1) download the package:
Red Hat / CentOS 5 at:
Red Hat / CentOS 6 at:
2) Use yum
sudo yum --nogpgcheck localinstall cdh3-repository-1.0-1.noarch.rpm
Get the GPG Key:
You may want to set up alternatives for the hadoop configuration. There’s a good document on this at Cloudera’s Site. /etc/alternatives shows all the alternatives set up. Cloudera sets up one called hadoop-0.20 for this version of the install.
$ ls /etc/alternatives
to see the full list.
$ sudo cp -r /etc/hadoop-0.20/conf.empty /etc/hadoop-0.20/conf.my_cluster
sudo chmod -R 755 /etc/hadoop-0.20/conf.my_cluster
Enter the password.
You might want to add a profile if you haven’t already. Add /usr/sbin to the PATH for the next step.
sudo alternatives --display hadoop-0.20-conf
[sudo] password for hdfs:
hadoop-0.20-conf - status is auto.
link currently points to /etc/hadoop-0.20/conf.empty
/etc/hadoop-0.20/conf.empty - priority 10
Current `best' version is /etc/hadoop-0.20/conf.empty.
and you can see that the /etc/hadoop-0.20/conf.empty is the currently selected alternative. Let’s change it to the new one you created.
sudo alternatives --install /etc/hadoop-0.20/conf hadoop-0.20-conf /etc/hadoop-0.20/conf.my_cluster 50
sudo alternatives --config hadoop-0.20-conf
There are 2 programs which provide ‘hadoop-0.20-conf’.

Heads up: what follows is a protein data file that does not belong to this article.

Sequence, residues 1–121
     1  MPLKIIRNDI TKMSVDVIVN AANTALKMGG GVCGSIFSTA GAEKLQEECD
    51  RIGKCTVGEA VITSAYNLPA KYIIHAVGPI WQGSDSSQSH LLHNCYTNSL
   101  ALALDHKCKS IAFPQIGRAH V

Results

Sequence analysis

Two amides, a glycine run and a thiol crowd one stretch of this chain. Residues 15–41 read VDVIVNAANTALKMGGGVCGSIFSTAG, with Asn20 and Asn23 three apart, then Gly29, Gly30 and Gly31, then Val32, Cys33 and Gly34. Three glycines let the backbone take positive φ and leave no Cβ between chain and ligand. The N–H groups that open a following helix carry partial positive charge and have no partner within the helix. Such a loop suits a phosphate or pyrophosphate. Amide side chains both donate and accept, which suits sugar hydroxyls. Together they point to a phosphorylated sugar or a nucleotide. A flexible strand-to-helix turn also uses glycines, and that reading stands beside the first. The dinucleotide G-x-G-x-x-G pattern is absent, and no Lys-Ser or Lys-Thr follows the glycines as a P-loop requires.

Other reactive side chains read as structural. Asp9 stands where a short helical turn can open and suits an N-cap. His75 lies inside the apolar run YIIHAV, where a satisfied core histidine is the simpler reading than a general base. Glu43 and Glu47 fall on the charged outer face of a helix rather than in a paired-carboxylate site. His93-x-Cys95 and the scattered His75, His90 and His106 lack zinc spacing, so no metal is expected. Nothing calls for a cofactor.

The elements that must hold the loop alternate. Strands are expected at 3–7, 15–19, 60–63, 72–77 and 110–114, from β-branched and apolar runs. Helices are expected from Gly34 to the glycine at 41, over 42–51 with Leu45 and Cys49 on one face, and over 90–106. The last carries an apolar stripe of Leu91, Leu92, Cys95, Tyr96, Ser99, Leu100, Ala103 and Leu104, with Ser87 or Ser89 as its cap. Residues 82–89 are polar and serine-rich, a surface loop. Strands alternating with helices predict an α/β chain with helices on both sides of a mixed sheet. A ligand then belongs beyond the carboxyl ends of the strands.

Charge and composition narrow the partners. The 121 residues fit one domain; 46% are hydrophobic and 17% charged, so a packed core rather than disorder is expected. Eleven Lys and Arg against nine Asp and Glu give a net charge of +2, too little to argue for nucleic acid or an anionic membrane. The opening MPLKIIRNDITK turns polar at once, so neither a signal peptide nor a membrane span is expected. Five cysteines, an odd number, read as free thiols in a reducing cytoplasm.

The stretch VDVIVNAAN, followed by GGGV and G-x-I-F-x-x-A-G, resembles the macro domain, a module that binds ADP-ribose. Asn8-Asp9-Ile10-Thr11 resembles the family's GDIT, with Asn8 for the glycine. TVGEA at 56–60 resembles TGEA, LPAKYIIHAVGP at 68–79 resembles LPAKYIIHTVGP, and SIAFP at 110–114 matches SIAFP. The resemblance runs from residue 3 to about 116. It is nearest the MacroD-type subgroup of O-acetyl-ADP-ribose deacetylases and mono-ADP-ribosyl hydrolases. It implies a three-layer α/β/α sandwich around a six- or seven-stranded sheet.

*+ 2 /etc/hadoop-0.20/conf.my_cluster
Select your new alternative if it is not already selected.
<configuration> <property> <name>fs.default.name</name> <value>hdfs://cloud-alocal:8020</value> </property> </configuration>
The default fs.default.name port is: 8020
and cloud-alocal is our instructional VM we created or a target hadoop node or cluster
While you’re sudo’d to root make the changes to the following files as well:
Changes shown in RED
edit the /etc/hadoop/conf/hadoop-env.sh file shown edited below:
# optional. When running a distributed configuration it is best to
# set JAVA_HOME in this file, so that it is correctly defined on
# remote nodes.
Found 2 items
drwxr-xr-x - cloudera supergroup 0 2012-04-05 14:00 /user/cloudera
drwxr-xr-x - hue supergroup 0 2012-03-14 20:22 /user/hive
Try a few commands:
$ touch test_src.lst
$ hadoop fs -copyFromLocal test_src.lst /user/scott/data/test.lst
Try hadoop fs to get the usage:
$ hadoop fs
So now you have a file in the Hadoop file system, and if you search for that full directory path and file you won’t see it on the OS file system.
Let’s put the connector code in place:
Go to the download directory for the zipped connector files:
# set DIRECTHDFS_HOME to install directory for DirectHDFS
Oracle Direct HDFS Release 184.108.40.206.0 - ProductionCopyright (c) 2011, Oracle and/or its affiliates. All rights reserved.Usage: $HADOOP_HOME/bin/hadoop jar orahdfs.jar oracle.hadoop.hdfs.exttab.HdfsStream <locationPath>
chmod 770 $ORACLE_BASE/external_dir
create or replace directory external_dir as '/u01/app/oracle/external_dir';
create or replace directory hdfs_bin_path as '/u01/app/oracle/product/11.2.0/dbhome_1/orahdfs-220.127.116.11.0/bin';
create user hdfsuser identified by hdfsuser;
grant create session to hdfsuser;
grant create table to hdfsuser;
grant execute on sys.utl_file to hdfsuser;
grant read, write on directory external_dir to hdfsuser;
grant read, execute on directory hdfs_bin_path to hdfsuser;
Make sure all statements executed correctly.
Now you’re all done.
Guess you need some examples to make this worth the effort. Here’s an external table example.
Revised: 5/8/2012 – Added notes about alternative config
Revised: 5/10/2012 – added permissions for conf.my_cluster